Huston’s father was almost as famous for his forbidding demeanor and Rabelaisian appetites as for directing The Treasure of the Sierra Madre and The Maltese Falcon. Her mother, Enrica Soma, known as Ricki, was a former Balanchine ballerina and Huston’s fourth wife. While John was making movies — he was off in the Congo filming The African Queen with Bogart and Hepburn when she was born in 1951 — Anjelica, her brother, Tony, and Ricki were ensconced in a small house on the grounds of St. Clerans, a 110-acre estate in Galway, in the western reaches of Ireland. At first the children were taught by tutors, ”but that became very isolating,” Anjelica says, ”so at a certain point I was sent to the Sisters of Mercy nearby.” Because she wasn’t Catholic, ”the nuns were told not to indoctrinate me. Of course, I wanted nothing more than to confess and be confirmed and have Communion. I thought it was the most romantic thing in the world.” In fact, she had plenty of fantasy. ”We lived in a very remote area and there were big storms and a lot of ghosts and ghost stories in our house. We didn’t have TV or any local toy shops, so one spent a lot of time inventing one’s own pastimes — which for me were predominantly new ways of torturing my brother.”
And vice versa. When Anjelica was 7, Tony pitted her against one of his friends in a boxing match on their front lawn. ”His friend being a year older than me and a boy, my two front teeth went flying,” says Huston. As compensation, her father presented her with a pearl the size of the largest tooth. This began a tradition: That Christmas she was given a canary diamond. When she got the measles, ”my father had me measure my largest measle, and he sent me a flawless ruby to match. There were letters back and forth to jewelers to pick just the right stone.”
The jewels, none of which she ever had set, came in lieu of Huston’s actually seeing much of her father. ”He was gone most of the time,” she says. ”He’d come back for a month or so at Christmas and we’d have a great time. Then off he’d go again, and we’d be sad and hang on to his legs and try to stop him.” John Huston’s largess extended beyond his immediate family: When Joan Juliet Buck (now a novelist and Anjelica’s closest friend) spent her first Christmas at St. Clerans as a 10-year-old, she was given a tin can with an oyster in it. Inside the oyster was a pearl. ”That,” says Buck, ”was heavy magic.”
St. Clerans was filled with such magic. When John was in residence he would fill the larger house on the property with the likes of Jean-Paul Sartre, John Steinbeck, Burgess Meredith, and Peter O’Toole. Jean-Paul Belmondo once showed up with Ursula Andress.
”Ricki encouraged us to be fantastical,” says Buck. ”She was the kind of mother who didn’t care if you used real potter’s clay on the kitchen table — even when we discovered you could make it frizzy by putting it through the tea strainer.” Anjelica and pals would short-sheet the guests’ beds, stick calomine lotion up the bathtub taps, and, covered in ghostly white sheets, ride their horses across the lawn and by the mansion’s windows at night. Household plays were performed — although the 7-year-old Anjelica, playing a witch, stalked off at the start of a scene from Macbeth. ”I don’t like it and I won’t do it,” she announced before disappearing.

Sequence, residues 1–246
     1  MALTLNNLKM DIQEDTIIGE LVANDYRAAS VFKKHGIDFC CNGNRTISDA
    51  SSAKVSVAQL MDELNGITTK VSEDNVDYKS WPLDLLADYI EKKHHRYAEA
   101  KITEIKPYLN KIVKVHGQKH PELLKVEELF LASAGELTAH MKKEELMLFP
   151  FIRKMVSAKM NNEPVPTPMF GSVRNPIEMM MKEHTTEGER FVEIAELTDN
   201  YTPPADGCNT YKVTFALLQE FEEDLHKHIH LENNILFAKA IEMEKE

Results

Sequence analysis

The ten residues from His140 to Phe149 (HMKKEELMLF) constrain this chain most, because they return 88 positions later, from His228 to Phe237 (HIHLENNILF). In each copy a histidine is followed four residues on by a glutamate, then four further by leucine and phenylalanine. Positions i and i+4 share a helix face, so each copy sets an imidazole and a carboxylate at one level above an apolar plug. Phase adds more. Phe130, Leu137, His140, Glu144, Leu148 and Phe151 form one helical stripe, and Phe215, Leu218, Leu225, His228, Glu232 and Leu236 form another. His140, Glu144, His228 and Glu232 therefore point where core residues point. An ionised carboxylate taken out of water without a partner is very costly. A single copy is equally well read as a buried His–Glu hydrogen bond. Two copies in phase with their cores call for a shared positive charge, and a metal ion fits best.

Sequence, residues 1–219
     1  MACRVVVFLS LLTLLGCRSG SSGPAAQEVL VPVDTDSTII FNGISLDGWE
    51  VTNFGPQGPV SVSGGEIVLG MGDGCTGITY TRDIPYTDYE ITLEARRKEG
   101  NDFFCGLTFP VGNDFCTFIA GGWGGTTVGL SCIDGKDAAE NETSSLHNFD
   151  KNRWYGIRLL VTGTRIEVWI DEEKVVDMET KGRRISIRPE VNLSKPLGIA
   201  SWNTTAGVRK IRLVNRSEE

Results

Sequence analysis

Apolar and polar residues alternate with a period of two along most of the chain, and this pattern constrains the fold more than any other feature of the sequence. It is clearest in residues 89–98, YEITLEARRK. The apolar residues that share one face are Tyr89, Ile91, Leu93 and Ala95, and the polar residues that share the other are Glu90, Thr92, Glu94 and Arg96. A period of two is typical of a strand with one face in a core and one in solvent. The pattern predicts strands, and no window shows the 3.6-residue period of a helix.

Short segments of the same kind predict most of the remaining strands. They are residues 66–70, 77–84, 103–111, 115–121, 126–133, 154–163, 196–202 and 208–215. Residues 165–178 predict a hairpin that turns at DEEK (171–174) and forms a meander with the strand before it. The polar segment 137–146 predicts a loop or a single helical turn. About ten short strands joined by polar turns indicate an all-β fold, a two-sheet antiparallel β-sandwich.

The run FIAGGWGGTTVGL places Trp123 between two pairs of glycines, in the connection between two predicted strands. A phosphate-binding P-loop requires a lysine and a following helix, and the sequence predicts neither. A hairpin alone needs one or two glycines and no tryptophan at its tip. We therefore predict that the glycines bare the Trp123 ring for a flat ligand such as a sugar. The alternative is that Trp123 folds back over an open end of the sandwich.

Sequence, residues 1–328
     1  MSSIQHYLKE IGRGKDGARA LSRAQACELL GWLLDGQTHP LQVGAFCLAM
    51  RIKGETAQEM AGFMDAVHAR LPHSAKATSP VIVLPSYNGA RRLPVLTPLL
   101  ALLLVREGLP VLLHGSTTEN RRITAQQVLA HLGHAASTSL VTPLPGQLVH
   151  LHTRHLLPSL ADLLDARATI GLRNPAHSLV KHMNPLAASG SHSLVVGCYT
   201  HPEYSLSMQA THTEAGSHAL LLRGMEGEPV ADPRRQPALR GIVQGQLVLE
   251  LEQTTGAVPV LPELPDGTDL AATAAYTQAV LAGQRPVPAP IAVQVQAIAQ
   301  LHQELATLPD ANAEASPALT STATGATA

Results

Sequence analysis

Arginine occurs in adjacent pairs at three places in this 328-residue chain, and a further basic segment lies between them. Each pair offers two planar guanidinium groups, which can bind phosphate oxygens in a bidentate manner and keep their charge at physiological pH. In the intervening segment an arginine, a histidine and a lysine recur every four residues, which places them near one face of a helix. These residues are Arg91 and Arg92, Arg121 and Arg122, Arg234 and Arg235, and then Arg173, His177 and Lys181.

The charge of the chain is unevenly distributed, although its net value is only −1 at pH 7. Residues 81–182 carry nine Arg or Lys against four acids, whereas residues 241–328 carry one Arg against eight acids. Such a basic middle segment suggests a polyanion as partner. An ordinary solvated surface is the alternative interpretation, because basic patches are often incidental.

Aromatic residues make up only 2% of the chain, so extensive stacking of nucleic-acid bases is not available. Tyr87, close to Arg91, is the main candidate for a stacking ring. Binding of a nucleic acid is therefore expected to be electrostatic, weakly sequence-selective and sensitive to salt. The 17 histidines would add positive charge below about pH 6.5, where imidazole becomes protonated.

As an adult, Huston was more disciplined. ”She’s hardworking and professional and not a prima donna,” says one East Coast casting director. ”She’s a joy,” says Landau, who was her acting coach for a time. ”She’s got a bawdy side, a gutsy side, a fun side, a very hearty laugh side. And she has a very serious side.” James Caan, who played opposite Huston in Gardens of Stone, her only standard ”girlfriend role,” says she’s ”wonderful — real open and just so easy to get along with.”
Such support from her peers has been crucial, because Huston’s rise has occurred in spite of her famous pedigree, not because of it. By the time she was 16, her parents had split and she had moved with her mother to London, where she attended a French lycee. She was into black eye makeup, rock & roll, and late nights out with friends. ”I don’t think I was way over the top,” she says, ”but my father was rather Victorian about it.” Perhaps to keep a closer eye on his daughter, Huston — who was still married to Ricki but had had a son, Danny, with former actress Zoe Sallis — cast Anjelica as the lead in A Walk With Love and Death, a 14th-century coming-of-age romance that is often regarded as the worst movie he — or she — ever made. ”I hated what I was doing,” she says. ”I didn’t enjoy the script or the part. But there was really nothing I could do about it.” During filming she sustained what she still considers her most humiliating moment in acting. ”My father shouted at me for not knowing my lines in front of about 50 people,” she recalls. ”It probably was not undeserved.”